Additional columns can be added to extend the duration of the cash flow projection beyond July 2021 on the “Unlocked” sheet.
Please note that some cells are locked and not accessible. These are the cells containing formulas that should not be changed. They are locked to prevent accidental changes to them.
If you want to access all cells, including formula cells, then use the “Unlocked” sheet as a template.
START USING THE SPREADSHEET TO FORECAST CASH FLOW OVER THE COMING MONTHS
Insert numbers into all the relevant categories, using the best information you have. Some will be confirmed numbers, others will be your best guess at the current time.
The spreadsheet is a working document that can be updated frequently, even daily if appropriate. Add new information about expected movement of cash in and out of the business, as soon as you have better information or a more informed estimate.
Put receipts and payments into the spreadsheet in the month they are most likely to occur. This might not be the same as when they should occur. (For example if a customer is likely to pay later than credit terms allow, put the receipt into a later month.)
As a general rule of thumb, always err on the side of caution. To highlight potential cash flow problems, anticipate that receipts may arrive late. But only plan for delayed payments if you really can delay them.
Update the spreadsheet once receipts and payments actually occur. Hopefully, any changes will be bonuses rather than unanticipated problems.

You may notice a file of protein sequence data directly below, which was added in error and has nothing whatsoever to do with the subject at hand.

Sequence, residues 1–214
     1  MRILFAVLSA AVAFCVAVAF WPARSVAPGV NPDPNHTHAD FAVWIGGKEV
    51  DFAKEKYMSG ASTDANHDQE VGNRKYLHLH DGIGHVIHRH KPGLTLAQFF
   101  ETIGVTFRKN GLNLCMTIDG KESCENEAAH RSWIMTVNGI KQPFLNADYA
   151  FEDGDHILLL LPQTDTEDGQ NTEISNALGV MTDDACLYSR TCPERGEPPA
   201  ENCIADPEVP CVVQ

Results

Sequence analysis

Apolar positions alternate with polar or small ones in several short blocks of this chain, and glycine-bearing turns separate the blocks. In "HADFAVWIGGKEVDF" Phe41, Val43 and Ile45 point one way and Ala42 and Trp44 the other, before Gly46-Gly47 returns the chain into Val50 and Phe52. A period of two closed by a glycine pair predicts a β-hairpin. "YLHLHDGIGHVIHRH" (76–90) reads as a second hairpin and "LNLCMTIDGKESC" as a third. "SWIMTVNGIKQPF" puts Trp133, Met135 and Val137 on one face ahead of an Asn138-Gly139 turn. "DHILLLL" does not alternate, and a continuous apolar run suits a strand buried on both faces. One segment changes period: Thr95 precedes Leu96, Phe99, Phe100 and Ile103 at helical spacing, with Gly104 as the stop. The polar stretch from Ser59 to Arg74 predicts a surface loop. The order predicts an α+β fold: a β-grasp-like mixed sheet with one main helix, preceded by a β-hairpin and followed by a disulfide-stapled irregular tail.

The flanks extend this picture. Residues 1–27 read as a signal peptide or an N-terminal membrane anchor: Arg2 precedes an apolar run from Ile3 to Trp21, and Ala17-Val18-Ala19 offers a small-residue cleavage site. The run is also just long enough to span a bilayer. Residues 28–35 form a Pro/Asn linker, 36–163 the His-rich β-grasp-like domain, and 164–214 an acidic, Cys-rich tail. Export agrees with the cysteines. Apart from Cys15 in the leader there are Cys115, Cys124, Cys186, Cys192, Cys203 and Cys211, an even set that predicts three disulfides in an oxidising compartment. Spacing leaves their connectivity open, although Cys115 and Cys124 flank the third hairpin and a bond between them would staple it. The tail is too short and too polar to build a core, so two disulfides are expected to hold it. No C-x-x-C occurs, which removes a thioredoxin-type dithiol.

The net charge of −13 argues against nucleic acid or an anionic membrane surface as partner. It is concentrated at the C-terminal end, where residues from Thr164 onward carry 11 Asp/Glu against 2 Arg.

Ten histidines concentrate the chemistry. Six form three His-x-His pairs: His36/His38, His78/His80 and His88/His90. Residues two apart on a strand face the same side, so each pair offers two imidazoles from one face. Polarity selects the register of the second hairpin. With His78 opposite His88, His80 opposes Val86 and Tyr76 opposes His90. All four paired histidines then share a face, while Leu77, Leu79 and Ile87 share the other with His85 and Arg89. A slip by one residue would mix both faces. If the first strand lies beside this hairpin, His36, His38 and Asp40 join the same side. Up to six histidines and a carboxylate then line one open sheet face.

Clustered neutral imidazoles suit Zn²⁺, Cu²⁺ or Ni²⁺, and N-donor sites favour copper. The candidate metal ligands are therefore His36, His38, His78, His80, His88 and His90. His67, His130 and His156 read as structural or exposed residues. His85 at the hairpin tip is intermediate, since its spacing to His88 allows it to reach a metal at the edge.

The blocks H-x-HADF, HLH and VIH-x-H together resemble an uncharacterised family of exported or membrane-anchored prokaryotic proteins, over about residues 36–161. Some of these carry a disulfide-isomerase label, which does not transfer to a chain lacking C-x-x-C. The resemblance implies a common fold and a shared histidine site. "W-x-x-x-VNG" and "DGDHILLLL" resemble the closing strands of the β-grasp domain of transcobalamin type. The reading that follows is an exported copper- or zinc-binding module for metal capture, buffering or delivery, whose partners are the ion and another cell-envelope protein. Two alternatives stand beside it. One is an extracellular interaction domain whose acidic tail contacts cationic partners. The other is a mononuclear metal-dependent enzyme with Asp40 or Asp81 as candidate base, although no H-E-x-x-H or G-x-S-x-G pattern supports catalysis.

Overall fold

The beauty of using a spreadsheet like this for cash flow projections is that you can explore different scenarios. (“What if we delay a payment for a month?” “What if a client pays a percentage upfront?” “What happens if a customer pays late?”)
By exploring these different possibilities, we can see in advance where problems may occur, and make plans to deal with them.
Keep an eye on the ‘bottom line’, which in a cash flow forecast is the month-end bank balances for the months ahead. Hopefully we can keep this positive by planning ahead.
Develop the spreadsheet as required, adding new categories and new types of receipts and payments as they become relevant to your business.
Check that the cash flow forecast tallies with bank statements at the end of each month. If not, perhaps there is a type of receipt or payment that needs adding to the categories (for example a direct debit).
TERMINOLOGY AND FUN FACTS
The terms “Cash Flow Forecast” and “Cash Flow Projection” may be used interchangeably.
The term “Cash” refers to all receipts and payments, whether by cash (notes and coins), cheque or electronic transfer.